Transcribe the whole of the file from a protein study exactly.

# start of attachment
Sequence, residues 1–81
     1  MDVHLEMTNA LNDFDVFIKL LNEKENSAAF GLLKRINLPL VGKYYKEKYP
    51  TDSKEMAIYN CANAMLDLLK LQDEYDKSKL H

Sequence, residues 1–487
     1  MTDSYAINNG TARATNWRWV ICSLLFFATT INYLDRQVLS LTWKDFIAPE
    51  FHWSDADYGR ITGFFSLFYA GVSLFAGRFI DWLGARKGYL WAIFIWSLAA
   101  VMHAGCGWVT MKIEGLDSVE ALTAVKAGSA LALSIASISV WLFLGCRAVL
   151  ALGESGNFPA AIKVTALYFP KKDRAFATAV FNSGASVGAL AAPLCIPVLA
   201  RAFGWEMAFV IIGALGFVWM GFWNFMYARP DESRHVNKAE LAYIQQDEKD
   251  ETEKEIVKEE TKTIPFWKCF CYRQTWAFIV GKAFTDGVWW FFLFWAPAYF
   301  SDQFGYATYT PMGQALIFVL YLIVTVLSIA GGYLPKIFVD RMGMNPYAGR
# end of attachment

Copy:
Sequence, residues 1–81
     1  MDVHLEMTNA LNDFDVFIKL LNEKENSAAF GLLKRINLPL VGKYYKEKYP
    51  TDSKEMAIYN CANAMLDLLK LQDEYDKSKL H

Sequence, residues 1–487
     1  MTDSYAINNG TARATNWRWV ICSLLFFATT INYLDRQVLS LTWKDFIAPE
    51  FHWSDADYGR ITGFFSLFYA GVSLFAGRFI DWLGARKGYL WAIFIWSLAA
   101  VMHAGCGWVT MKIEGLDSVE ALTAVKAGSA LALSIASISV WLFLGCRAVL
   151  ALGESGNFPA AIKVTALYFP KKDRAFATAV FNSGASVGAL AAPLCIPVLA
   201  RAFGWEMAFV IIGALGFVWM GFWNFMYARP DESRHVNKAE LAYIQQDEKD
   251  ETEKEIVKEE TKTIPFWKCF CYRQTWAFIV GKAFTDGVWW FFLFWAPAYF
   301  SDQFGYATYT PMGQALIFVL YLIVTVLSIA GGYLPKIFVD RMGMNPYAGR